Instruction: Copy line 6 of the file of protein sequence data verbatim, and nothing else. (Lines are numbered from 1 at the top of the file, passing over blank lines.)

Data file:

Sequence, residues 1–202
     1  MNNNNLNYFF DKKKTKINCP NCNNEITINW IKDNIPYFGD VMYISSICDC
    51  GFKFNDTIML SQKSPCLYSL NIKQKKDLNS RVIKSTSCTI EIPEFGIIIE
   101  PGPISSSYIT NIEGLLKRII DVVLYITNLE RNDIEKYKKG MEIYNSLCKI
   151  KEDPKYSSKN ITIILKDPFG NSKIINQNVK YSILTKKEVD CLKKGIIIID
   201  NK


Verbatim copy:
   201  NK